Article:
As somebody who once harbored idealistic notions about the role of the press (I was a liberal in my youth), I guess I’m still prone to give them too much credit — I had thought that CBS’s misadventure with a faked memo might cause the MSM to be more cautious about using dubious documents to “get” conservatives.

Boy, did I get a wrong number.

ABC News’s presentation of alleged “GOP Talking Points” on the political advantage of supporting Terri Schiavo and her parents proves that the media hasn’t learned a thing from CBS’s embarrassment. Correspondent Linda Douglass said that the network had “obtained talking points circulated among Republican senators, explaining why they should intervene in the Schiavo case.”

There is just one problem with the memo: It wasn’t a GOP document. As Fred Barnes reports in today’s Weekly Standard, key members of the Republican leadership never laid eyes on it. “True,” Barnes writes, “a few paragraphs were of Republican origin. They had been lifted, word for word, from a Martinez press release outlining the provisions of his legislative proposal, ‘The Incapacitated Person’s Legal Protection Act.’ This was the inoffensive part of the memo. The offensive part–it didn’t come from Martinez–left the strong impression that Republicans are callous and cynical in their attempt to save Schiavo’s life, ill-motivated in the extreme.”

As Barnes notes, the offensive part “contended Republicans should save the disabled Schiavo’s life because ‘this is a great political issue’ that could lead to the defeat of Democratic senator Bill Nelson of Florida in 2006. The other said dwelling on the Schiavo issue would excite pro-lifers, a key Republican constituency.”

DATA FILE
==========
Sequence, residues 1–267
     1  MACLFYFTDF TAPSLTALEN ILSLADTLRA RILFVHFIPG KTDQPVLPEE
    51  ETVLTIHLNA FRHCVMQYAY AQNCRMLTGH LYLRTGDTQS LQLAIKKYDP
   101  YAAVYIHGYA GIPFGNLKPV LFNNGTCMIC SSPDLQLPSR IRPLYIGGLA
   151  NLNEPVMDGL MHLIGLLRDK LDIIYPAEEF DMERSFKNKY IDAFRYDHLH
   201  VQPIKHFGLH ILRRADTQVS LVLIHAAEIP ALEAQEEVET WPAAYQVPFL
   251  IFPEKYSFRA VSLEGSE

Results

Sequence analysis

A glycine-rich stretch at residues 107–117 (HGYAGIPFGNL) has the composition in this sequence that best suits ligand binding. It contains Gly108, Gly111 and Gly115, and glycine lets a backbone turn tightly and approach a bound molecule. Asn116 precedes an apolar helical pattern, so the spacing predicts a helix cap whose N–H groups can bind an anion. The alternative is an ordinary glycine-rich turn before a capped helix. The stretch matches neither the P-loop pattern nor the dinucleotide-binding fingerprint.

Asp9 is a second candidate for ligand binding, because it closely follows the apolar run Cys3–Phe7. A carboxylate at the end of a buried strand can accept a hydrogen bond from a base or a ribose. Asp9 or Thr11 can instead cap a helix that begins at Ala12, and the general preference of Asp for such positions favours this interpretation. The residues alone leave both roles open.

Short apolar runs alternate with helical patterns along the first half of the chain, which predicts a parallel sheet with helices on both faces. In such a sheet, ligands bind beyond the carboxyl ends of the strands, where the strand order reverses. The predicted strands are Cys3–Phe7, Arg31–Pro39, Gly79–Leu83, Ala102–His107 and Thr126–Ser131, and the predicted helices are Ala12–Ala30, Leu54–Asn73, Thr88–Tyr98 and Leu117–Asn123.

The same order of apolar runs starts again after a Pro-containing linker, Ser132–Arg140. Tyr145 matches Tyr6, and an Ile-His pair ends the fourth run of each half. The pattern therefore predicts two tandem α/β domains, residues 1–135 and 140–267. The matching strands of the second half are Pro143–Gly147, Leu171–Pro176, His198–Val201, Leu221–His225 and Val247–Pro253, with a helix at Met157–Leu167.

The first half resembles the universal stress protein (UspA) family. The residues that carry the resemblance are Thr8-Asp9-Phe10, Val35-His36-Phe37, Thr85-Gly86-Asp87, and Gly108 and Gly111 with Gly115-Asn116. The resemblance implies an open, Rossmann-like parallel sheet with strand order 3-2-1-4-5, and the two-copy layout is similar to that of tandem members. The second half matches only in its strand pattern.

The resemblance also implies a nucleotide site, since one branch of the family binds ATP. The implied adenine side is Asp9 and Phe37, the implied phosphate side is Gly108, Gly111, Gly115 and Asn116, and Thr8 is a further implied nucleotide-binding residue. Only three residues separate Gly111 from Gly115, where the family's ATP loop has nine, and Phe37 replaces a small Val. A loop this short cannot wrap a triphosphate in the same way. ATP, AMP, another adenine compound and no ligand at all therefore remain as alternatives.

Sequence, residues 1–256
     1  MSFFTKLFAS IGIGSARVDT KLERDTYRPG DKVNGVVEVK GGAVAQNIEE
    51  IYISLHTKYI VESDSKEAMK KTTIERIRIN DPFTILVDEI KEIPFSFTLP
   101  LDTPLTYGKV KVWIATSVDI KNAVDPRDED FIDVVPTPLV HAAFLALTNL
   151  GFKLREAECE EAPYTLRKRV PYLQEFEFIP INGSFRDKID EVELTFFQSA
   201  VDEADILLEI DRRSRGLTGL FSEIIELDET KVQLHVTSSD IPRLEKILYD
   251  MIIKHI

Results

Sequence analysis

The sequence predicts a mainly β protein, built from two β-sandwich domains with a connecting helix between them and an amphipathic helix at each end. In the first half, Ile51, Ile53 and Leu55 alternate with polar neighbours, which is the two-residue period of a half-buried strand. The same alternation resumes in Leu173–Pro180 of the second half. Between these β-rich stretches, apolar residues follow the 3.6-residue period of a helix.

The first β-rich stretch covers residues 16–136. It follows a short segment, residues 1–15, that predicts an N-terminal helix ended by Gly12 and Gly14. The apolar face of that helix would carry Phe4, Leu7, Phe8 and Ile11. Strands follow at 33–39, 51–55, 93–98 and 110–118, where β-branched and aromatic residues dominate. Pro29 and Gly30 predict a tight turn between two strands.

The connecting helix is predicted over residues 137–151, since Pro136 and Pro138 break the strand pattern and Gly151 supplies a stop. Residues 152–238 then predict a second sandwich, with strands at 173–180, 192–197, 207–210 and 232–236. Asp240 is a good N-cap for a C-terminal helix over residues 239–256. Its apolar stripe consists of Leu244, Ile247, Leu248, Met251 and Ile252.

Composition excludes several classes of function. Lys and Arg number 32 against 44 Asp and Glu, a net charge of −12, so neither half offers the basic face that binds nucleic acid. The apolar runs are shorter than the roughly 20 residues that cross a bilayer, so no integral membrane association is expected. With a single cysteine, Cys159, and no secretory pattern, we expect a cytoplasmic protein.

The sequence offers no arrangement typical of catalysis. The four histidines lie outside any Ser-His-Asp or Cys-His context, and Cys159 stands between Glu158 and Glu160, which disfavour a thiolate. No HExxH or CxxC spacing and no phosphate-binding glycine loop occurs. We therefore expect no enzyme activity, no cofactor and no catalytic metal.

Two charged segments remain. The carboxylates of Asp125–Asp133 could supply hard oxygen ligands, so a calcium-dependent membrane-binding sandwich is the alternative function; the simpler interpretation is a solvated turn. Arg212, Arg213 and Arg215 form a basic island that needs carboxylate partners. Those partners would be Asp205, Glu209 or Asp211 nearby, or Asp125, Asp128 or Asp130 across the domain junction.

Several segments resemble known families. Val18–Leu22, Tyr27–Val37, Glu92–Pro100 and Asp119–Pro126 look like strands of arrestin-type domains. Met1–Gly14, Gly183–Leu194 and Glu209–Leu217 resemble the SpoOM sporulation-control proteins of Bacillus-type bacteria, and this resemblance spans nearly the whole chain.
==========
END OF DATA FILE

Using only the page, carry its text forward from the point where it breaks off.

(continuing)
Barnes adds:

“There wasn’t a hint in these reports the memo could have any other source but Republicans. Yet there was no evidence it had come from Republicans. It was unsigned and had no letterhead or date. Nothing indicated it came from the Republican leadership or the House or Senate campaign committee or from the Republican National Committee or even from a stray Republican staffer. The only evidence was of a dirty trick — and there wasn’t much evidence of that. Powerline, the influential blog, found a version of the memo with typos cleaned up on left-wing websites.

“The only basis for blaming Republicans was the unsubstantiated allegation that the memo was spread among Republican senators. Yet no senator stepped forward and said, ‘Yes, I got that memo.’ Now consider what would have happened if a damning memo had been distributed to Democratic senators, saying the Schiavo issue could be used politically against Republicans. Would anyone in the mainstream media have jumped on it? I doubt it. Only right-wing bloggers would have.”

Memogate II was sickening, more so in many ways than CBS’s original Memogate. But some good comes of all this: People like me are no longer able to hide from the truth about the MSM.